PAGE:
Bueno: A Love Story Set in Spain

[Source: Amazon]
Bueno: A Love Story set in Spain by Christy Esmahan is delightful. The “hero” is Harvey Jones, an American and novice headmaster of a private school in Spain, the Cantabria American School. Although there’s no hint of a love interest in the first half of the book, it drew me in immediately. Harvey is full of good intentions but he’s on his own in a strange place where he knows nothing of the politics among the teachers, the Board members, the parents, and his mentor. The priorities of the president of the Board, largely responsible for hiring him, are not shared by the teachers and parents.

Harvey has come to Spain in part to be closer to his brother, recently deceased, who was killed in a terrorist attack while living there. He’s taking classes in Spanish to improve the Texas version he arrived with. His nemeses take advantage of that and start calling him “Cinco” because when the J in Jones is silent, as it is in Spanish, it becomes the verbal slur “sin cojones.”

This is Book 1 in the Cantabria American School series and I fully intend to find Book 2! But when shall I get back to Don Quixote and Tales From the Alhambra? I acquired them abroad and haven’t really started either!

A Picture is Worth a Thousand Words

I’ve taken hundreds of pictures during my time in Portugal and Spain. Below you will find a selection of these pictures, along with a suggested writing prompt. Choose one or more of these pictures, and using the suggested prompt or one of your own, write 1000 words based on it. It doesn’t need to be polished or finished, just do it!

 

vivian lawry picture worth thousand words
Who would have a table setting like this?
balcony divorce
This is called the balcony of the quick divorce. It overlooks a 500’ gorge.
make own juice portugal
How is this to be interpreted?
Bottom line: Draw on visual cues to trigger your creativity.

Check out this writing resource!

Someone recently forwarded this article about effective first-person writing to me. It’s a great resource for writers who are having trouble writing from different points of view. Here’s an excerpt:

A filter word puts distance between the reader and your character, filtering that character’s experience… What did I remove? I thought, I saw, I could hear. In other words, I removed anything that had you, the reader, looking at her looking at things, rather than looking at the things she saw.

This is true first-person: being behind the character’s eyes.

Check it out and leave a comment on the article with your results!

Two Novels Set in Spain

By the time you read this, I will be in Spain—and maybe I will have read these books by now. But I bought them for the trip and I’m writing this before departure, so I’ll tell you why they’re with me (on Kindle).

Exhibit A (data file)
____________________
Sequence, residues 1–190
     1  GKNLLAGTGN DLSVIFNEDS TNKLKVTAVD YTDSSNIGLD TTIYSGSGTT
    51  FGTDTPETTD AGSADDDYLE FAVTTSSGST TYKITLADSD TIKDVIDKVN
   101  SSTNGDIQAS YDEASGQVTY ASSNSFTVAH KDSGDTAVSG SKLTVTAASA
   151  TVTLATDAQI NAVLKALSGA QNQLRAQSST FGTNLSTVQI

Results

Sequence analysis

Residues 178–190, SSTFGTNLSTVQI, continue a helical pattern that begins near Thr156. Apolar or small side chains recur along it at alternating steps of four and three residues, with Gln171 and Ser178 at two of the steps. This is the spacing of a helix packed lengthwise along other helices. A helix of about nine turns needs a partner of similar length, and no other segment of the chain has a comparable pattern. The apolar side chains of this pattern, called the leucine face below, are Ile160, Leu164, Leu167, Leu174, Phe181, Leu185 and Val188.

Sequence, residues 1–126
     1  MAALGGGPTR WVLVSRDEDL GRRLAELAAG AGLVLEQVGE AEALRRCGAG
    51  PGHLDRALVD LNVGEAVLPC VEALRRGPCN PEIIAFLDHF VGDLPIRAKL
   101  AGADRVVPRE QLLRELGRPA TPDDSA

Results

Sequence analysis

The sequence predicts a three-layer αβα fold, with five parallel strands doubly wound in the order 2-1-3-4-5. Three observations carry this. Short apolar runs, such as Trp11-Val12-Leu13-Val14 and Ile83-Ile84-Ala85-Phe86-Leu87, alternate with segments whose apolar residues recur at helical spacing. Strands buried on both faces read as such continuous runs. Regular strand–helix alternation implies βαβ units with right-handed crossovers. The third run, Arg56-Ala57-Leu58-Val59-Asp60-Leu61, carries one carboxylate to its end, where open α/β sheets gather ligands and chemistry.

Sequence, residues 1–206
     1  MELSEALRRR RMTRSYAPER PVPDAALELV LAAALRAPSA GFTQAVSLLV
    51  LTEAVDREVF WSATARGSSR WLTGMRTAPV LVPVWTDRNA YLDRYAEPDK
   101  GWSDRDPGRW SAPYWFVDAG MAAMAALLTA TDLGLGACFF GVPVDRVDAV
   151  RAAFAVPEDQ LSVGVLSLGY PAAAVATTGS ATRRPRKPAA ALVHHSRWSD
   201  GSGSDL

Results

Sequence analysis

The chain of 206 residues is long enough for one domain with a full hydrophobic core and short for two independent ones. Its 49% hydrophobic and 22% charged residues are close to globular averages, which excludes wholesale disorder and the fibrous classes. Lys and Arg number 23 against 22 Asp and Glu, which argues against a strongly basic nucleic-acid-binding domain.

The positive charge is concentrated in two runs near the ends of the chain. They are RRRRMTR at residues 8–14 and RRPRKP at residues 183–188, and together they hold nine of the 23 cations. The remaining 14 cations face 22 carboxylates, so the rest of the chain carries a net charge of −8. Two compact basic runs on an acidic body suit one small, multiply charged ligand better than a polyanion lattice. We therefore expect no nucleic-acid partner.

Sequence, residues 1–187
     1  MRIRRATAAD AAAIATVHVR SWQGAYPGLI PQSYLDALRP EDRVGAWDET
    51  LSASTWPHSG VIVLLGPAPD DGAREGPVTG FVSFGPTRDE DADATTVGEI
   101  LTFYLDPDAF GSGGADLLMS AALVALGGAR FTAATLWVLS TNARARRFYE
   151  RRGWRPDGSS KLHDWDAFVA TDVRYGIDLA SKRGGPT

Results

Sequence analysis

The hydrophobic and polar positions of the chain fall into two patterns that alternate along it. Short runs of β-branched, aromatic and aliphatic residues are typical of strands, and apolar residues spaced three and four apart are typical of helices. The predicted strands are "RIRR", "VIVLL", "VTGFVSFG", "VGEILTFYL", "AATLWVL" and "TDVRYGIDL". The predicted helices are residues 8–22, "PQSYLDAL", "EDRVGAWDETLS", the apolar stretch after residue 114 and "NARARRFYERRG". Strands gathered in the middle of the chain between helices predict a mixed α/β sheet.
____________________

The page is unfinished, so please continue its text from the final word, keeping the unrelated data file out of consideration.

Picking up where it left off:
sedella story spanish village
[Source: Amazon]
Sedella: The Story of a Spanish Village by John Hardy is (according to its Amazon blurb) “a romantic historical novel about an Andalucian village, from prehistoric times to the present day… Each of the historical chapters is in two parts. The first part is a fairly factual account of the relevant time, though some of these facts may be slightly altered in time, etc., to fit the story. The second part of the chapter is a story set around these historical events.” Two things drew me in: historical novel and romance. It should be light reading plus a little education.
bueno christy esmahan
[Source: Amazon]
Bueno: A Love Story Set in Spain by Christy Esmahan made the cut because (1) it has a 4.5 out of 5-star rating; (2) it has food scenes; (3) the protagonist is a teacher; and (4) it’s a romance—which promises, light reading and a happy ending.

 

I’ll let you know how they turn out!

Effective Travel Writing

effective travel writing
 
In my humble opinion, effective travel writing starts with excellent writing—but it needs more!
effective travel writing
Taking the reader to places never visited, activities only dreamed of. The destination could be almost anywhere, foreign or domestic. The activities could be anything not experienced by the masses: eating insects, zip-lining, parasailing, petting dolphins, helping sandbag a levy.
effective travel writing
Taking the reader to a familiar place, seen from a different perspective. For example, airport security from behind the scenes, apple picking from the perspective of a child, a blind person white water rafting with a guide, walking across all the bridges in New York City.

 

Right now, I’m traveling, not writing about it! For more—and better?—advice, just search online for “effective travel writing.”
 
effective travel writing ideas